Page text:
All of us engage in and make use of valid reasoning, but the reasoning we actually perform differs in various ways from the inferences studied by most (formal) logicians. Reasoning as performed by human beings typically involves information obtained through more than one medium. Formal logic, by contrast, has thus far been primarily concerned with valid reasoning which is based on information in one form only, i.e., in the form of sentences. Recently, many philosophers, psychologists, logicians, mathematicians, and computer scientists have become increasingly aware of the importance of multi-modal reasoning and, moreover, much research has been undertaken in the area of non-symbolic, especially diagrammatic, representation systems. This entry outlines the overall directions of this new research area and focuses on the logical status of diagrams in proofs, their representational function and adequacy, different kinds of diagrammatic systems, and the role of diagrams in human cognition.
- 1. Introduction
- 2. Diagrams as Representational Systems
- 3. Consequences of Spatial Properties of Diagrams
- 4. Diagrammatic Systems in Geometry
- 5. Diagrams and Cognition, Applications
- Academic Tools
- Other Internet Resources
- Related Entries
Diagrams or pictures probably rank among the oldest forms of human communication. They are not only used for representation but can also be used to carry out certain types of reasoning, and hence play a particular role in logic and mathematics. However, sentential representation systems (e.g., first-order logic) have been dominant in the modern history of logic, while diagrams have largely been seen as only of marginal interest. Diagrams are usually adopted as a heuristic tool in exploring a proof, but not as part of a proof. It is a quite recent movement among philosophers, logicians, cognitive scientists and computer scientists to focus on different types of representation systems, and much research has been focussed on diagrammatic representation systems in particular.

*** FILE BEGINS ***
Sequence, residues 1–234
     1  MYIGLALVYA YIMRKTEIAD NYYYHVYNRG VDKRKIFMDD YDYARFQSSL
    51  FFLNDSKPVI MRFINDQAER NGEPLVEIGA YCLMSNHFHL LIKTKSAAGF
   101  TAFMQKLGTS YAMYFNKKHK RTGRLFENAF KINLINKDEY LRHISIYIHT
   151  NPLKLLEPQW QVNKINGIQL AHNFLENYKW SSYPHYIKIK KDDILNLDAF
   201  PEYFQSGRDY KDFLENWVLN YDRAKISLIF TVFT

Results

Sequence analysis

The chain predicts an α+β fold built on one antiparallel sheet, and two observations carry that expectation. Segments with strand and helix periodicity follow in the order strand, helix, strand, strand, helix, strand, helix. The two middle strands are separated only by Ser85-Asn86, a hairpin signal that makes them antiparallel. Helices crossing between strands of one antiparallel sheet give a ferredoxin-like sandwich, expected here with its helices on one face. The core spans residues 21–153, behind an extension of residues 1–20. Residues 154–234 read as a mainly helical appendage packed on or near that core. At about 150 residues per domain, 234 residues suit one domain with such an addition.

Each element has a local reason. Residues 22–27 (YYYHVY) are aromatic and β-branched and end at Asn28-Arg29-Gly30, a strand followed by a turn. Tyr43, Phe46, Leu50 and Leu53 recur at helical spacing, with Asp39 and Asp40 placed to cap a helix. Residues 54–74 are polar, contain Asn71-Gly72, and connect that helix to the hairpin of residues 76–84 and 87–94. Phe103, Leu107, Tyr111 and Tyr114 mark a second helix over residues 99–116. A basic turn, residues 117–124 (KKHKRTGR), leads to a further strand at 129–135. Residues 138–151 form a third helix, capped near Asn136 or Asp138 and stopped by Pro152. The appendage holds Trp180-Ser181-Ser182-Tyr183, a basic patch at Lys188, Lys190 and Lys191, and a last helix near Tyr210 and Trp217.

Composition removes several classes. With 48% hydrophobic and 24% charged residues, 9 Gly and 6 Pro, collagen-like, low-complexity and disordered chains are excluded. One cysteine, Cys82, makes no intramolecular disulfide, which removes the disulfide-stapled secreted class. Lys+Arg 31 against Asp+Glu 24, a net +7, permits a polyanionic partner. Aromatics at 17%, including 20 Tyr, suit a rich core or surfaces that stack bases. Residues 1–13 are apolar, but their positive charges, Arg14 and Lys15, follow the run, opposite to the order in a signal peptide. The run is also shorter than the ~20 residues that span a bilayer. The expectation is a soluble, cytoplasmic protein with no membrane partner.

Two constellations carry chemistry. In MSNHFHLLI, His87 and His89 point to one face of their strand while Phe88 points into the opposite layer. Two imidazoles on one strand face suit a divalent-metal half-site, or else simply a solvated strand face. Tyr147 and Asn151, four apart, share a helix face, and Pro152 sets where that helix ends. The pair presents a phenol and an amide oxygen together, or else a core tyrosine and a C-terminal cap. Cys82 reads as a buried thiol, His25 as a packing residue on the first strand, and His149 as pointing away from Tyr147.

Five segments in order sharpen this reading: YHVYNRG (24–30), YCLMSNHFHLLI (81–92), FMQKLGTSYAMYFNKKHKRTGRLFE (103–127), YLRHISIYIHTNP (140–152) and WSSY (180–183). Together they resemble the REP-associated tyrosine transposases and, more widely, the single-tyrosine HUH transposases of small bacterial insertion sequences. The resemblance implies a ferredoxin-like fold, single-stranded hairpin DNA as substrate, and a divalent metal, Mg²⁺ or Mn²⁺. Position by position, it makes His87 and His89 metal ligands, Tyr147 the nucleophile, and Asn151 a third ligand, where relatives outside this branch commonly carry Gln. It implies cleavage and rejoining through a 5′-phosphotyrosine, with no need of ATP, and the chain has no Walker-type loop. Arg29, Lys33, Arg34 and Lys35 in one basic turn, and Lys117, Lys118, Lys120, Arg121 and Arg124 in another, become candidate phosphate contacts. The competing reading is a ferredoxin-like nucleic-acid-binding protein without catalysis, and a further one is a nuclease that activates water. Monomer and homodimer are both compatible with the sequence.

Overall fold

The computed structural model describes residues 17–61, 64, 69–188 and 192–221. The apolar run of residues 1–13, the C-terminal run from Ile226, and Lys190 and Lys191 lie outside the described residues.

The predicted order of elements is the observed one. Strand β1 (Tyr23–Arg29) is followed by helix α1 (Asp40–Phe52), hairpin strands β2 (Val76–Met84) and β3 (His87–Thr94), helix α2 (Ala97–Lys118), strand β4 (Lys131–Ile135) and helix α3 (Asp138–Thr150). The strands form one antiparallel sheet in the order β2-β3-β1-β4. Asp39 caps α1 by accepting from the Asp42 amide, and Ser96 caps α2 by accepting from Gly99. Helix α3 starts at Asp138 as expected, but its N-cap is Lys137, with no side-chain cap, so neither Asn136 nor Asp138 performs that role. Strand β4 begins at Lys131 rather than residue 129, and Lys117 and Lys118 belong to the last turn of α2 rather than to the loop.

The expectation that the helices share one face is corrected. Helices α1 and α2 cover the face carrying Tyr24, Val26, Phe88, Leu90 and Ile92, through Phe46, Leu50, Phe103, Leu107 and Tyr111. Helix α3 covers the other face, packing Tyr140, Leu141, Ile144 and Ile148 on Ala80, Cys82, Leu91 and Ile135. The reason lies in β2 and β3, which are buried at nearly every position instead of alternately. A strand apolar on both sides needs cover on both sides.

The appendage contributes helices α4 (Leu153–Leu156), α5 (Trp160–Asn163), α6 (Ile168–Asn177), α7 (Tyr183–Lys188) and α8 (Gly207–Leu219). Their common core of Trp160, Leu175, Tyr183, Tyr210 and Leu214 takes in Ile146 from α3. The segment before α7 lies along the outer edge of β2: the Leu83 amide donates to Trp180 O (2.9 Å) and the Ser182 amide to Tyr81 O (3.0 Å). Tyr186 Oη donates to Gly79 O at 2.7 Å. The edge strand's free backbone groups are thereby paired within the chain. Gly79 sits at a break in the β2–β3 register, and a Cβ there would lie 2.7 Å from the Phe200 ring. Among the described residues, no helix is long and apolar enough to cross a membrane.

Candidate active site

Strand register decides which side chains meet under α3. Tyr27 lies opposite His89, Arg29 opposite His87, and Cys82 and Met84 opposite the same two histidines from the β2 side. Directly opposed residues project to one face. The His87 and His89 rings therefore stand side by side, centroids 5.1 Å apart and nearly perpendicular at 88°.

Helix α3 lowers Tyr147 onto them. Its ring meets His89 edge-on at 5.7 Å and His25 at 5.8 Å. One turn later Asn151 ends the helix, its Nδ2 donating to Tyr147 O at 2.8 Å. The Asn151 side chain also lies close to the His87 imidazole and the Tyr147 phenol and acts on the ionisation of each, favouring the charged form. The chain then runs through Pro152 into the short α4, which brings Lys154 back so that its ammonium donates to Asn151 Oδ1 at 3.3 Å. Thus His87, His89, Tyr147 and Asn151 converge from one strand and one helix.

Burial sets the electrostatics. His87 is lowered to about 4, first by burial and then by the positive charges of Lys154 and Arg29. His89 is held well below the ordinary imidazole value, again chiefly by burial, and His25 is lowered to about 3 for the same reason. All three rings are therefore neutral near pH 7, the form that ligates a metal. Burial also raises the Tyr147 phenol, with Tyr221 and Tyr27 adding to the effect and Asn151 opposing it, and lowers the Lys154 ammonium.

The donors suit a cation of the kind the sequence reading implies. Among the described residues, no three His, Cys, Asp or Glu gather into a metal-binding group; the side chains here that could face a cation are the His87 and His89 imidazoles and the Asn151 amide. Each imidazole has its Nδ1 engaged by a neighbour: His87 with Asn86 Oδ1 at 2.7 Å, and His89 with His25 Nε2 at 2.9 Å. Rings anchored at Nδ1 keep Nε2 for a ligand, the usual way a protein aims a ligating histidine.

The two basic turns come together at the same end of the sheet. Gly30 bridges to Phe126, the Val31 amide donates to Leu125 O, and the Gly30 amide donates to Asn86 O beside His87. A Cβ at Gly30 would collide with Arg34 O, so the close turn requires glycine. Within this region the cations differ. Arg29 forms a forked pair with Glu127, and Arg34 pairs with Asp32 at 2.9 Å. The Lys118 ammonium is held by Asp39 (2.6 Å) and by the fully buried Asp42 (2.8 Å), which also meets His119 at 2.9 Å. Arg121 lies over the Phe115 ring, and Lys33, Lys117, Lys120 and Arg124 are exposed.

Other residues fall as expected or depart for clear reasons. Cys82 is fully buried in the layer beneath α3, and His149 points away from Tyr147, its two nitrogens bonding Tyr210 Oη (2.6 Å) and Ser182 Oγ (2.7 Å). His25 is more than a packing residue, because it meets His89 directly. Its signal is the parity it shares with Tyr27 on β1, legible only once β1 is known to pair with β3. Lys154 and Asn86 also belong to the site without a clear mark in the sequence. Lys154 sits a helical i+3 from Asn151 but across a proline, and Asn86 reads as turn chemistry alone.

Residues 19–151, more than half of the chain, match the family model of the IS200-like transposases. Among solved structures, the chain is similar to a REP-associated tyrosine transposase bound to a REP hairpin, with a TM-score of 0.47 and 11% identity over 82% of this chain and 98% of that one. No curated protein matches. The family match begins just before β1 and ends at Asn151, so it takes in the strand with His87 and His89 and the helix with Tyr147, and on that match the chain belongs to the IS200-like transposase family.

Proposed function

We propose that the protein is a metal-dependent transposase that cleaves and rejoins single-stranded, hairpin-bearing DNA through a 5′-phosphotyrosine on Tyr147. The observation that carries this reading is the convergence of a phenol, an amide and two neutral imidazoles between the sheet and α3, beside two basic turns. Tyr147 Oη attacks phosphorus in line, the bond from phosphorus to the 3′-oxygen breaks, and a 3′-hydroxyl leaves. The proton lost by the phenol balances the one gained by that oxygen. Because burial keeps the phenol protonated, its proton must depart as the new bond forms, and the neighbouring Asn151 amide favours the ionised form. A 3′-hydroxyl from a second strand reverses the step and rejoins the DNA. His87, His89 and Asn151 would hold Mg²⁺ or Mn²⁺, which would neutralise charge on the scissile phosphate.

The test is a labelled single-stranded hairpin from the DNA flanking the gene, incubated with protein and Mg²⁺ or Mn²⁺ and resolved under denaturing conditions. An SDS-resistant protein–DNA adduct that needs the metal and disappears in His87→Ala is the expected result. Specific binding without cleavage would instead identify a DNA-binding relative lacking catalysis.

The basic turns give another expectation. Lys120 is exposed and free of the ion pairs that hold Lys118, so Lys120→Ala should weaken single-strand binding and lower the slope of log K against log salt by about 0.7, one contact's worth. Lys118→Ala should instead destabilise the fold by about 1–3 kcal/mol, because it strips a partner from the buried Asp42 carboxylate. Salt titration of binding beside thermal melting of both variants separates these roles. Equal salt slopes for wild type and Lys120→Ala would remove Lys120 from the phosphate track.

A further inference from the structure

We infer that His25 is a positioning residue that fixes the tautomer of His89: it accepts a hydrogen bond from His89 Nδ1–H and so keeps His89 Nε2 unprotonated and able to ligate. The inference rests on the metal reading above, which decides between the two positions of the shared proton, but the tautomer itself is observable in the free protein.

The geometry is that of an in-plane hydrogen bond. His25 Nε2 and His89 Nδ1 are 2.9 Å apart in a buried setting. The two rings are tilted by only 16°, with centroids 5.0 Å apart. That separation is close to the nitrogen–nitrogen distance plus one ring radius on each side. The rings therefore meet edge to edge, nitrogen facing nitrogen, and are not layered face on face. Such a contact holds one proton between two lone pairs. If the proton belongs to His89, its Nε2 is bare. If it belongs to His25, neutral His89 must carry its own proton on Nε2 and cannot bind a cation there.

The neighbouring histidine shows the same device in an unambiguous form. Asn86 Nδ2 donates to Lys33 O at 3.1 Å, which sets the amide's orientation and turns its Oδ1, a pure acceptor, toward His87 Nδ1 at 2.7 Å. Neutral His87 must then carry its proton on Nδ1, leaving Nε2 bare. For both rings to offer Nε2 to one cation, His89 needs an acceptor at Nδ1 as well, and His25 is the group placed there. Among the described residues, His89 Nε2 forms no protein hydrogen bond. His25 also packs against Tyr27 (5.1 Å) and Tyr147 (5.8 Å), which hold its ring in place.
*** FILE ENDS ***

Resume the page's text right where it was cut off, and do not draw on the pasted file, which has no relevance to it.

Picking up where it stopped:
Challenging a long-standing prejudice against diagrammatic representation, those working on multi-modal reasoning have taken different kinds of approaches which we may categorize into three distinct groups. One branch of research can be found in philosophy of mind and cognitive science. Since the limits of linguistic forms are clear to those who have been working on mental representation and reasoning, some philosophers and cognitive scientists have embraced this new direction of multi-modal reasoning with enthusiasm and have explored human reasoning and mental representation involving non-linguistic forms (Cummins 1996; Chandrasekaran et al. 1995). Another strand of work on diagrammatic reasoning shows that there is no intrinsic difference between symbolic and diagrammatic systems as far as their logical status goes. Some logicians have presented case studies to prove that diagrammatic systems can be sound and complete in the same sense as symbolic systems. This type of result directly refuted a widely-held assumption that diagrams are inherently misleading, and abolished theoretical objections to diagrams being used in proofs (Shin 1994; Hammer 1995a). A third direction in multi-modal reasoning has been taken by computer scientists, whose interest is much more practical than those of the other groups. Not so surprisingly, those working in many areas in computer science—for example, knowledge representation, systems design, visual programming, GUI design, and so on—found new and exciting opportunities in this new concept of ‘heterogeneous system’ and have implemented diagrammatic representations in their research areas.